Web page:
Maxine Hong Kingston Is the California Book Club’s Next Author

This week’s newsletter: A close read of the opening of The Woman Warrior suggests the family secrets and Chinese folklore to come.

maxine hong kingston, woman warrior
Vintage Books

Maxine Hong Kingston’s memoir The Woman Warrior: Memoirs of a Girlhood Among Ghosts, published in 1976, is a riveting ghost story. From its disturbing yet magnetic opening sentences, it announces a haunting that we, Kingston’s readers, are definitely not supposed to hear about.

“You must not tell anyone,” my mother said, “what I am about to tell you. In China your father had a sister who killed herself. She jumped into the family well. We say that your father has all brothers because it is as if she had never been born.”

The opening conjures a mystery for the daughter, and us, to solve. Not only has the family decided not to talk about the suicide, but they erased the aunt’s existence entirely, leaving only male members of her family. And we’re piqued by this secret, which, for some of us, is framed in a familiar way: a parent telling the story of family in the foreign country of the past.

Intrigued, placed in almost the same position as the daughter, we want to know more. Who is the aunt and why does she haunt Kingston? Who is the mother? Why is she telling her daughter this story? Despite Kingston’s masterful creation of suspense within the opening pages, this is not a linear memoir. It is not a progression in which event A causes event B, which causes event C, which causes event D, moving into the future. Instead, Kingston moves in a more associative manner through time and place, circling and embellishing her mother’s talk story—a Chinese oral tradition—to explore imagined points of view.

Contradictions in stories are embraced rather than explained away. Early in the book, Kingston remarks, “I learned to make my mind large, as the universe is large, so that there is room for paradoxes.” And her language signals her efforts to find her own voice, a singular style. As her mother tells it, as a lead-up to the aunt throwing herself in a well, in 1924, the village had

“celebrated seventeen hurry-up weddings—to make sure that every young man who went ‘out on the road’ would responsibly come home—your father and his brothers and your grandfather and his brothers and your aunt’s new husband sailed for America, the Gold Mountain.”

“Hurry-up weddings” is an interesting construction. Within its unexpected syntax and its use of “hurry-up” as an adjective are the mother’s speech patterns, as well as a clue into social conditions that lead to the aunt becoming a ghost. Hurry-up weddings were rushed weddings not born of romance. They were, instead, designed to ensure the return of young men who’d sailed away to make their fortunes in gold in California. Yet there is no reference to panning in the creeks, the more literal image tied to gold rushers. Instead, with the image of a “mountain,” Kingston’s mother calls attention to the ambition of these young men and their desire to transcend the material circumstances of their humble upbringings. It is when her husband is gone that Kingston’s aunt becomes pregnant by an extramarital rape and the villagers, for whom food and resources are limited, find out.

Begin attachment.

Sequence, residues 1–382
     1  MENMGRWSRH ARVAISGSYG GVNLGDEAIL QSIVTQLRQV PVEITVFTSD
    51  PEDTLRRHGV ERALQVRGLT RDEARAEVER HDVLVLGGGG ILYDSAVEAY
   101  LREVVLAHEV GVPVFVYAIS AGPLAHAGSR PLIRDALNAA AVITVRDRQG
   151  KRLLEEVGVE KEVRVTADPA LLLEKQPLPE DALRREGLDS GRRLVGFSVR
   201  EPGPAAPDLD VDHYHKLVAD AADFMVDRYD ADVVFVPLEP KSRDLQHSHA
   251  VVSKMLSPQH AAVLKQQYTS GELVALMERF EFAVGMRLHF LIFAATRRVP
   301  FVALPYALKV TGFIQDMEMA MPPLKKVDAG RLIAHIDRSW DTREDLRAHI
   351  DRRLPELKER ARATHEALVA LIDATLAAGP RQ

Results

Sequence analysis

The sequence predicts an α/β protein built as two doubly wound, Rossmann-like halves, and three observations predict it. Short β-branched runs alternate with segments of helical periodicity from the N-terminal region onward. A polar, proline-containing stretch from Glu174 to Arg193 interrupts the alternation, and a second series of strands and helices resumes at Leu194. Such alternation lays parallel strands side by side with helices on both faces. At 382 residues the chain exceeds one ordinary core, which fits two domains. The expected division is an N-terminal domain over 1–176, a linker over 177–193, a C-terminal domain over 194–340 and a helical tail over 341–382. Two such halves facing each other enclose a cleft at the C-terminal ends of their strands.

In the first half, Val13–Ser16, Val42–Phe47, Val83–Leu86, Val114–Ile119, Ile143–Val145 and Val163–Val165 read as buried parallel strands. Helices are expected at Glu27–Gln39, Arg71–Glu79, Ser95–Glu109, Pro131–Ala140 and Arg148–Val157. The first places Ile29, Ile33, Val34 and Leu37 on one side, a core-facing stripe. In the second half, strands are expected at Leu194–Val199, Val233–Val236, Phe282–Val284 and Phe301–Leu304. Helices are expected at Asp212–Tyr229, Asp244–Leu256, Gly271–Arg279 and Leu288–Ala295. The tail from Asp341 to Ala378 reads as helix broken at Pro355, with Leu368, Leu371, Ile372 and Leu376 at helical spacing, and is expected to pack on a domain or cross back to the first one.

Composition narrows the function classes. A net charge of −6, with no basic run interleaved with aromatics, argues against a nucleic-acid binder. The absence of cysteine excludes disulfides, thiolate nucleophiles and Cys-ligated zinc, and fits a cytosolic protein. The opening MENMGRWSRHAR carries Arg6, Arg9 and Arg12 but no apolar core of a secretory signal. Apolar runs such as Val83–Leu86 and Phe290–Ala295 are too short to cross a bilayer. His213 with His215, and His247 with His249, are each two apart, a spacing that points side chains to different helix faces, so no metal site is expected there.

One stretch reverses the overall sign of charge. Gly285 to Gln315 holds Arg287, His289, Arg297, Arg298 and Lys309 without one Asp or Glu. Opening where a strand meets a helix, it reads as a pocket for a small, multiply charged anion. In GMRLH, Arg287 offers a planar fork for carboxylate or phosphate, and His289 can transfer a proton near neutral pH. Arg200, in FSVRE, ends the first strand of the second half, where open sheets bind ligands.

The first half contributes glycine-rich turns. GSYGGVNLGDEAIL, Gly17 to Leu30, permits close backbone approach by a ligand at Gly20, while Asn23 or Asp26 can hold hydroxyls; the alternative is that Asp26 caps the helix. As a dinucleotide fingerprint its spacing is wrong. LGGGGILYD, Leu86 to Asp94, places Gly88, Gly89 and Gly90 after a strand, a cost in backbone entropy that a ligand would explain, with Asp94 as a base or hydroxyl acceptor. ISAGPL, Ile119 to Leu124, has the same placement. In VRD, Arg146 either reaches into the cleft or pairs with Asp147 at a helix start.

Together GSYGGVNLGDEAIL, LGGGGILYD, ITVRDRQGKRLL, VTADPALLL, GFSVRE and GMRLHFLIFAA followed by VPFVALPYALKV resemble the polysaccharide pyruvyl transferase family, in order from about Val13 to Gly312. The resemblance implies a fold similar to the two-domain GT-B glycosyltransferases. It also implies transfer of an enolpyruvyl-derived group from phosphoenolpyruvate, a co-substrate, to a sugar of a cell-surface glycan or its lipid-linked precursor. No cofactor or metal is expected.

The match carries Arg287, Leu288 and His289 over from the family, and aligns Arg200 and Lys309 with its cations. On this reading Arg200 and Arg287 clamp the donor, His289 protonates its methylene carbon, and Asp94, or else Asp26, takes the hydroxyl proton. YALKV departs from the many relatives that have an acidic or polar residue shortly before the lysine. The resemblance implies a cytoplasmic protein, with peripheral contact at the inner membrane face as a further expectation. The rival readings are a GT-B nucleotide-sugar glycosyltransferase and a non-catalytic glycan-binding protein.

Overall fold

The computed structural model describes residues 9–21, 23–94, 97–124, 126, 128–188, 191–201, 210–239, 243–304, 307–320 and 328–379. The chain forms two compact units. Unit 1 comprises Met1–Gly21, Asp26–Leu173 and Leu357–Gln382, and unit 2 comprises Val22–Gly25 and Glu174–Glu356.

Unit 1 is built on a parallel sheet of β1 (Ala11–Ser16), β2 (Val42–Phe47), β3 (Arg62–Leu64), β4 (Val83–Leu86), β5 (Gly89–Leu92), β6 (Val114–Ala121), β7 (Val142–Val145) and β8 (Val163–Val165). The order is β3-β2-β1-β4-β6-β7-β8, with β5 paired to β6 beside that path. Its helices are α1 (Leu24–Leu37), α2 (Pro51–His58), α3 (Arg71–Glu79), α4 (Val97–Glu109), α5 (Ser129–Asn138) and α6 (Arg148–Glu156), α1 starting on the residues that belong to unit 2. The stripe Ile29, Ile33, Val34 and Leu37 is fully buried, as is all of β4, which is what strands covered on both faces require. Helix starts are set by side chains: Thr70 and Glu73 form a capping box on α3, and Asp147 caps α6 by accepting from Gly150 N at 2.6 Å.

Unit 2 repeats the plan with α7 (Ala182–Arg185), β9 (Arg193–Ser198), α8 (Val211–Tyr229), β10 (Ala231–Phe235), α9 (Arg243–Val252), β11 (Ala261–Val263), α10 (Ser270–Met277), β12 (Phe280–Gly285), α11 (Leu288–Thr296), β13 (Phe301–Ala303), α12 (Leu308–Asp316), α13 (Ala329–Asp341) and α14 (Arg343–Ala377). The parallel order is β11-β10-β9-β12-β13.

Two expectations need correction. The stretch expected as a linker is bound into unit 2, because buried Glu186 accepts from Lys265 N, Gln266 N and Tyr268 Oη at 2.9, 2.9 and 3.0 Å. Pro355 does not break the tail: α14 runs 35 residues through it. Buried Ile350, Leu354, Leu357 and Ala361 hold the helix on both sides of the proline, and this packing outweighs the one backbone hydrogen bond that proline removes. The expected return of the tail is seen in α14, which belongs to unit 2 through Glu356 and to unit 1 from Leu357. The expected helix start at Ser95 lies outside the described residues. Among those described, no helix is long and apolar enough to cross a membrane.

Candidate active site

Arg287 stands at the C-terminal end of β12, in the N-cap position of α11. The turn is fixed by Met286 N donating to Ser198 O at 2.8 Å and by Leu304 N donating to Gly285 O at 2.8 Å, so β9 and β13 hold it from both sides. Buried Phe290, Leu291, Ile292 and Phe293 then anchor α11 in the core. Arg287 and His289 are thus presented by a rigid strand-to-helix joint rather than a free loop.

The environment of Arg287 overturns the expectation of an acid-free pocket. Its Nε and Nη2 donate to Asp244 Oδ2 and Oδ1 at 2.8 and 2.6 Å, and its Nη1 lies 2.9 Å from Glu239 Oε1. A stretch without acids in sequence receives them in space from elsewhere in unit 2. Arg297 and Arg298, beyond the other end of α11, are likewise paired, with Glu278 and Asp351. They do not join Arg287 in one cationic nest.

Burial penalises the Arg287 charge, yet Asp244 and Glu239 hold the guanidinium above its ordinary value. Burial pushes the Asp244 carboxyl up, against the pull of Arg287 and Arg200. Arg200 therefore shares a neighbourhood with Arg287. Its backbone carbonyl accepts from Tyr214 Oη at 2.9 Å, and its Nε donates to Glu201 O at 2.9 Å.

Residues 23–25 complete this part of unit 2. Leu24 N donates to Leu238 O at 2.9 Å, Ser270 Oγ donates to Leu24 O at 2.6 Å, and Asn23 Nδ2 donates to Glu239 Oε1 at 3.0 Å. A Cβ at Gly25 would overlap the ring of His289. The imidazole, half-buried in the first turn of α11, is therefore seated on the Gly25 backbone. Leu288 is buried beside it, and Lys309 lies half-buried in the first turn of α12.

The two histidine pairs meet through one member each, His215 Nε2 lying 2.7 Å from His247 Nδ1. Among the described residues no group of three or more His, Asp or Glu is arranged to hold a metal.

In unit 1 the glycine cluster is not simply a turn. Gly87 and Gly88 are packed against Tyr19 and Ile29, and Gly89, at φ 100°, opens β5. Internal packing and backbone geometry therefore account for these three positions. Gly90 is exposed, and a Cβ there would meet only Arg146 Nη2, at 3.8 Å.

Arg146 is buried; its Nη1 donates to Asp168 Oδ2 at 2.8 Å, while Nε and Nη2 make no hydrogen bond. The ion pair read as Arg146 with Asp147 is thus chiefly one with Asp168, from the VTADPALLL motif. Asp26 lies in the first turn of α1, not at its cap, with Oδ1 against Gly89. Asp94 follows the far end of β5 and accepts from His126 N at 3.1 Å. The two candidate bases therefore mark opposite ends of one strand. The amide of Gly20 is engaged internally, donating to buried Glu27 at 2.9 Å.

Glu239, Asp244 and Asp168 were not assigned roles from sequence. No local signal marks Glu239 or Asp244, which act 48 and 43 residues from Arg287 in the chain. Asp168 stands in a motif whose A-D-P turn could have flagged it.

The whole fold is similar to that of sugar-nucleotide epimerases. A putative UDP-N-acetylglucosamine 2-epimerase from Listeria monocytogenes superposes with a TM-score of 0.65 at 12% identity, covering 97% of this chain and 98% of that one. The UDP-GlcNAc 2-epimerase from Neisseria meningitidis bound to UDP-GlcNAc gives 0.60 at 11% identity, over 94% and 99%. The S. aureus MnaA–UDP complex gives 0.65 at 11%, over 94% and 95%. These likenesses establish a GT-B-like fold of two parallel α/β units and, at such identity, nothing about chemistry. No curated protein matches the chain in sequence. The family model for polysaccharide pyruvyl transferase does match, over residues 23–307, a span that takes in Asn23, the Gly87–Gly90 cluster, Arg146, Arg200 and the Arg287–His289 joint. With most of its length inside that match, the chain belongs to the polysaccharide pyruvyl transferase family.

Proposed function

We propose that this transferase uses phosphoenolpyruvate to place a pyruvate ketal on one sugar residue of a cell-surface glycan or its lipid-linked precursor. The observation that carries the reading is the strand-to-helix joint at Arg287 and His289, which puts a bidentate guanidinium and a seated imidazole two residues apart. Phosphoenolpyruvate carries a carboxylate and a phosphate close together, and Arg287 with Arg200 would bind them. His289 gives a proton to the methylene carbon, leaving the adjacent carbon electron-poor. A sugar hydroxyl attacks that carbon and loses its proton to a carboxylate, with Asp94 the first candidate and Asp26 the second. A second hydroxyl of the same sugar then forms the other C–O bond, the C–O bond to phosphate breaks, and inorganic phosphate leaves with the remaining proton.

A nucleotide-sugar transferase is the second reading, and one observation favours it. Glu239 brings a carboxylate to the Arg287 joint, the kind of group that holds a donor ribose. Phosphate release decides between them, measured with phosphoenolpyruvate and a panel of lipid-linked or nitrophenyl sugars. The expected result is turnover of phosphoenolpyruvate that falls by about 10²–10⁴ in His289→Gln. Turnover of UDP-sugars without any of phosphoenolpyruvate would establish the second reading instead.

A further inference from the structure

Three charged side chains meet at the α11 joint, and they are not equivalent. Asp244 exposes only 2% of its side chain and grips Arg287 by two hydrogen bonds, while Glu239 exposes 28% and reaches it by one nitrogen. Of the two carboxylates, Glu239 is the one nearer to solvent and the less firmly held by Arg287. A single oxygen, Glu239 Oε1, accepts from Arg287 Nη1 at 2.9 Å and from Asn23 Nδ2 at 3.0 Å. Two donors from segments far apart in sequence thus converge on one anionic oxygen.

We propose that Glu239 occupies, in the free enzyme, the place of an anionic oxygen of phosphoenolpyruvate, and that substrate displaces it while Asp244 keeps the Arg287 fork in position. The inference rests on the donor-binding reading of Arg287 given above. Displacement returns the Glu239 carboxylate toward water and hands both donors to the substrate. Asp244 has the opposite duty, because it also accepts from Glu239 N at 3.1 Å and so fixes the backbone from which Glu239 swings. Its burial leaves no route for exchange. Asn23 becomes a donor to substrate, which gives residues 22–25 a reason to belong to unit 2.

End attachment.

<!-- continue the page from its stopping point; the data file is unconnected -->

After a raid by villagers, Kingston’s aunt gives birth. Suffering deeply, she throws herself and her baby into a well. She turns into lore, a cautionary tale. As in many families, you don’t talk about it, not only because of the shame around sex and suicide but also, Kingston speculates, as a way of continuing to punish her for her transgression, even after her death.

And yet the aunt lingers, a revenant, across an ocean and 50 years into the future. After relating the violence of the villagers, Kingston’s mother gives her own reasons for telling her daughter the story, a warning: “Now that you have started to menstruate, what happened to her could happen to you. Don’t humiliate us.”

There are stories we tell, and stories we don’t, stories that slip by in silence, and stories like ghosts that haunt us for all our days. Which of these specters of the past do we tell about and what do we do about our own shifting interpretations of what people in the past must have felt, or even what happened, when there are certain silences around the facts? One of the beautiful elements of Kingston’s memoir is its assumption that we are composed not only of our own memories but also of the stories of others. While Kingston was telling her own truth, her memoir was an invitation to many to ask the questions and tell what we were told not to reveal, to imagine our way into paradoxes at an angle.

We hope you savor this bold, inventively told memoir, now a classic. Sign up for the upcoming California Book Club gathering with Kingston to discuss The Woman Warrior on October 21. As you continue to read the book, we invite you to discuss it with the California Book Club community in the Alta Clubhouse.

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Alta

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